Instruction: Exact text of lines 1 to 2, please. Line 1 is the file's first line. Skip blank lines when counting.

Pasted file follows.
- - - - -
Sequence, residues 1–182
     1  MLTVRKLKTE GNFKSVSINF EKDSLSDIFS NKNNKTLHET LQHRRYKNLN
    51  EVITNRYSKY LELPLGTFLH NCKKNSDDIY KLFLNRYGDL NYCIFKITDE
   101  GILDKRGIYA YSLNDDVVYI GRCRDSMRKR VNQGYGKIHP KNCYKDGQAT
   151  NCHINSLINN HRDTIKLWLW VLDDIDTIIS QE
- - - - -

Sequence, residues 1–182
     1  MLTVRKLKTE GNFKSVSINF EKDSLSDIFS NKNNKTLHET LQHRRYKNLN